More

Elisa’s Nest Tote

elisa9.jpgThis pretty tote bag was designed by Elisa, an Italian knitter and blogger who saw the Climbing Trellis Lace Pattern here on the Purl Bee.  She calls it her "No More Plastic Bag, Thank You!" It is a fast knit that takes only a few hours to complete.

Elisa's Nest Tote can be made from just about any cotton yarn (linen or hemp yarn work nicely, too). The stretchy lace stitch makes this bag practical and quite durable.

We would choose this dainty and durable tote over a plastic bag any day!

elisa8.jpg

FINISHED SIZE

Elisa's Nest Tote measures about 8 inches wide and 12 inches long when empty.  Depending on the size of the yarn you use, the bag may be bigger or smaller.  It will stretch when filled.

 

DOWNLOAD THIS FREE PATTERN!
Here's a copy of Elisa's Nest Tote for you to keep.  Enjoy! 

 

MATERIALS

one skein or approximately 175-200 yards cotton yarn
We used Rowan 4-ply Cotton in Tutti Frutti

one pair straight needles a few sizes larger than recommended for your yarn
We used US size 9 needles.

double pointed needles in the size recommended for your yarn
We used US size 3 needles.

crochet hook in the size recommended for your yarn
We used a 3.5mm hook.

tapestry needle

 

NOTES

k2tog      decrease; knit two stitches together

psso       pass slipped stitch over

ssk         decrease; slip, slip, knit

yo          increase; yarn over

Check out our Decrease Tutorial for help with the techniques used in this pattern.

You can learn more about I-Cords in our I-Cord Tutorial.

elisa11.jpg

With larger needles, cast on 41 stitches.

Rows 1 and 3:  Purl.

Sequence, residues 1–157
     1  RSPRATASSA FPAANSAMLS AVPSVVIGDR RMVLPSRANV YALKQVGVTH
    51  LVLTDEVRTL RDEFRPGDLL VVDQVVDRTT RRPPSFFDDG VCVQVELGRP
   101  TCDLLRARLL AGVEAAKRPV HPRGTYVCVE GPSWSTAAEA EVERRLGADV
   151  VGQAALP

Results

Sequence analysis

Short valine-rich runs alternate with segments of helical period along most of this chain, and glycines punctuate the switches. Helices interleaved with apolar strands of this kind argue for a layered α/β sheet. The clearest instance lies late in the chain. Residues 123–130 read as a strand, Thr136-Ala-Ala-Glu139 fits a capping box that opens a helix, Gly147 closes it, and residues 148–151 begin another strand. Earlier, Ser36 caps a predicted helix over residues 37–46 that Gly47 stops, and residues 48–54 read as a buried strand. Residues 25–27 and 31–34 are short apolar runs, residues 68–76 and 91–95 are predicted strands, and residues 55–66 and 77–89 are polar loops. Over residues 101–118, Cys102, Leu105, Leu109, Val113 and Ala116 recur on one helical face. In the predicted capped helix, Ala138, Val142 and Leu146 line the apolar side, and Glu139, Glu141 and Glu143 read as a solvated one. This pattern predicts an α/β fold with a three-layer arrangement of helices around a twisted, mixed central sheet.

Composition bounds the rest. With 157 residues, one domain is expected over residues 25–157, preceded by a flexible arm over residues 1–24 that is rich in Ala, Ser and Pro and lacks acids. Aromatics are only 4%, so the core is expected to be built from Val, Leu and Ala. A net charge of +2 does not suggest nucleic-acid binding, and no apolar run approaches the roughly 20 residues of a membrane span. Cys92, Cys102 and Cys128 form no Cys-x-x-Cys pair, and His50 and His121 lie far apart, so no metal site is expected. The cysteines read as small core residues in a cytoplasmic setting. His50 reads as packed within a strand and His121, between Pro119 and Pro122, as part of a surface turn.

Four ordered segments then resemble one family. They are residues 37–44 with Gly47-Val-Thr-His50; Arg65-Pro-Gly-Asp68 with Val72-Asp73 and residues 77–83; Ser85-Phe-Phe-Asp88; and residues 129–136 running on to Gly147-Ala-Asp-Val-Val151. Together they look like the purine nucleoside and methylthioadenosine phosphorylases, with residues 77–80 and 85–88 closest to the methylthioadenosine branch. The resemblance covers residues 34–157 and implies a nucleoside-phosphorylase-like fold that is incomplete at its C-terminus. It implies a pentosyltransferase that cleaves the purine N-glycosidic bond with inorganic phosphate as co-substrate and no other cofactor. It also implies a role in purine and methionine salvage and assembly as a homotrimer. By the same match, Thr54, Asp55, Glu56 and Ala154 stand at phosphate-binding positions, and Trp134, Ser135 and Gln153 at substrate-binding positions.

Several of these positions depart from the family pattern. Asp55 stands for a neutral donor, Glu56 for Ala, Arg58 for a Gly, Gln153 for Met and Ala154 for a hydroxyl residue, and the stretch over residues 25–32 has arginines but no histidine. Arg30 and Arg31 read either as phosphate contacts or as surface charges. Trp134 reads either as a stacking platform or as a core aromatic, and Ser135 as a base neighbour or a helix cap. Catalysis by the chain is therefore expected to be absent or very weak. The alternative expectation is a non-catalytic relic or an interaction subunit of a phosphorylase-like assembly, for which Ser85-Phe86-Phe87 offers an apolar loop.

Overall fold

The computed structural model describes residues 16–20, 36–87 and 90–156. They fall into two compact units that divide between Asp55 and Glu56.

Row 2:  K1, *yo, k2tog, repeat from * to end of row.
Row 4:  *Ssk, yo, repeat from * to last stitch, k1.

Repeat Rows 1 - 4 until fabric measures approximately 24 inches, or twice desired length of the finished bag.

Bind off loosely.

elisa13.jpg1. Fold the bag in half, right sides together so that the cast on and bind off edges form the top of the bag. You will join together the parallel long edges of the bag using a crochet hook.

2. Using a 1 yard length of the same yarn that you used to knit the bag, make a slip knot on the hook. Leave a 6 inch tail of yarn.

3. Insert your crochet hook under the loops of the first edge stitch on the front side, at the corner with the top edge of the bag.  Then insert the hook through the first edge stitch on the back side.

4.  Wrap the yarn around the hook, then draw the hook back through the two edge stitches. You now have two stitches on the hook.

elisa3.jpg

5.  Wrap the yarn around the hook and draw it through both stitches on the hook.  You have just one stitch on the hook now.

elisa4.jpg

Continue joining the front and back edges of the bag, repeat steps 3 - 5 along the length of the bag. When you reach the bottom of the bag, where the knitted fabric is folded in half, draw the remaining yarn all the way through the final stitch to secure it.

Weave in your ends using a tapestry needle or your crochet hook.

Repeat for the second side of the bag.

elisa14.jpg

This Applied I-Cord makes a nice finished edge for the top of the bag and a strong handle, too! You'll need only two of your double-pointed needles, plus a tapestry needle for joining the circular handle together.
APPLIED I-CORD BORDER

With smaller needles, cast on 6 stitches.

Round 1:  K5, sl 1. Beginning at the right front edge of the top of the bag, pick up one stitch and place it on the left needle.  Knit it onto the right needle, then pass the slipped stitch over it and off the right needle.  You have six stitches on the right needle, and the yarn is coming from the last stitch on the left, closest to the point of the needle.

elisa15.jpg

Round 2 Preparation:  Without turning the needle, slide the stitches down the needle to the opposite end and move the needle to your left hand.  The yarn is coming from the last stitch on the left, now furthest from the point of the needle.

Round 2:  K5, sl 1.  Pick up the next edge stitch and place it on the left needle.  K1, psso.

Repeat Round 2 until all of the edge stitches along the front of the bag have been incorporated into the I-Cord.

elisa16.jpg

 

I-CORD HANDLE